How does the brain physiology of young children with autism differ from that of typically-developing children?
Children diagnosed with autism spectrum disorder (autism) process social cues atypically during the first year of life, and this sets them on a trajectory of increasingly impaired social ability. Understanding why this impairment emerges could help early intervention by identifying new intervention targets and the timing of intervention. Inherited genetic predispositions and epigenetic changes are often considered responsible for causing autism. However, solutions have not been readily forthcoming from that approach, largely because autism is caused by a complex interplay of alterations in cellular function, the electrical properties of neurons and their connectivity, and the activity of many different circuits in the brain. Since the behavioral symptoms of autism are expressed through brain physiology, interventions based on understanding and modifying brain physiology may be the best way to help affected children overcome their unique social challenges.
Now, in eLife, Holger Sperdin and Ana Coito, both from the University of Geneva, and colleagues report that they have compared, at the level of whole-brain neurophysiology, how three-year-old children with and without autism respond to social cues (Sperdin et al., 2018). Using multichannel electroencephalography (EEG), Sperdin et al. measured the flow of information in the cerebral cortex of the two groups as they watched the same videos depicting social stimuli.
When masses of neurons receive inputs together, they can create brainwaves – electrical signals that can be picked up through EEG (Olejniczak, 2006). Different brainwaves have different rhythms which can reflect various types of information (Lindsley, 1936; Grastyan et al., 1959). For example, theta rhythms (which oscillate between 4 and 7 times per second) signal cognitive workload and memory encoding, while alpha rhythms (8–12 times per second) often relate to mental relaxation and the inhibition of neuronal processing. Sperdin et al. used more than 100 EEG electrodes and a statistical approach called Granger-causal modeling to localize brain waves to specific brain areas.
The first notable finding was that information flowed very differently in the brains of children with autism during social processing. The changes in information flow were often driven by an increase in rhythmic activity within certain circuit nodes; these can now be identified as having a role in analyzing social information. The changes occurred for both the alpha and theta rhythms, and in nodes and pathways that were specific for each rhythm.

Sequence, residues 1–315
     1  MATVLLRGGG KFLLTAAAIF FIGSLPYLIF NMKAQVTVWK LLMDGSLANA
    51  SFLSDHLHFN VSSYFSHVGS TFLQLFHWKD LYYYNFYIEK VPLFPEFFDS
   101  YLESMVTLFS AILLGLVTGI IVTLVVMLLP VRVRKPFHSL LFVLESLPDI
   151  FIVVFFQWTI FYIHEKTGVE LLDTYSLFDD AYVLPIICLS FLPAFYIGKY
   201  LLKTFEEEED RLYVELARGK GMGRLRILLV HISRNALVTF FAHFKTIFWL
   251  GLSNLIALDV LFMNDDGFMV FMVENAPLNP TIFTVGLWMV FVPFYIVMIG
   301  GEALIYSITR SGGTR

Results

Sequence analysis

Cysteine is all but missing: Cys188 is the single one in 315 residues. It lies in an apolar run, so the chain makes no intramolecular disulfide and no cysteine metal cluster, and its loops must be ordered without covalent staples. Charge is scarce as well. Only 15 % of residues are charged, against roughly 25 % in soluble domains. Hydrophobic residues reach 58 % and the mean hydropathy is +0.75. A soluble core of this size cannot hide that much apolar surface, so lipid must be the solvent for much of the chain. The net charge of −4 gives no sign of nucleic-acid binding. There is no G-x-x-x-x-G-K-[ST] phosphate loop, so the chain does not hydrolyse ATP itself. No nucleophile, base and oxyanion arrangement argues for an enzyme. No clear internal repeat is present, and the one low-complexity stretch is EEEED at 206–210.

The second notable finding was that, in children with autism, not all the changes in information flow were maladaptive. Certain differences were associated with relatively normal visual exploration of social cues, and less clinical impairment in social behavior. Although the activity of neurons and circuits may be altered by changes that have a genetic origin, these results show that the brain can still compensate by deploying physiological adaptations to improve social performance. For instance, modifications in the amplitude and frequency of the theta and alpha rhythms can regulate perception levels (Linkenkaer-Hansen et al., 2004; Palva et al., 2005). Some of the changes observed by Sperdin et al. may therefore heighten perception levels and improve the ability of children to process social stimuli. If we can understand how the brains of children with autism compensate for deficits that they are born with, and why these mechanisms emerge, this could help to develop better behavioral interventions to guide social development at an early age.
A brainwave does not exist in isolation: it represents an important, but by no means final, stage of information processing. Large numbers of neurons may fire together due to the influence of synchronous synaptic input, but studying brainwaves will only tell us about the tempos and times of those influences. A key challenge for neuroscience is therefore to understand how brainwaves with different frequencies are integrated and thereby organize the firing of neuronal ensembles (O'Keefe and Recce, 1993; Buzsáki, 2006). In addition to providing a first look at how this process may be altered by autism, the findings of Sperdin et al. should inspire a new generation of integrative studies that examine how social behavior is regulated by the generation of electrical rhythms and pattern of electrical waves in the brain.
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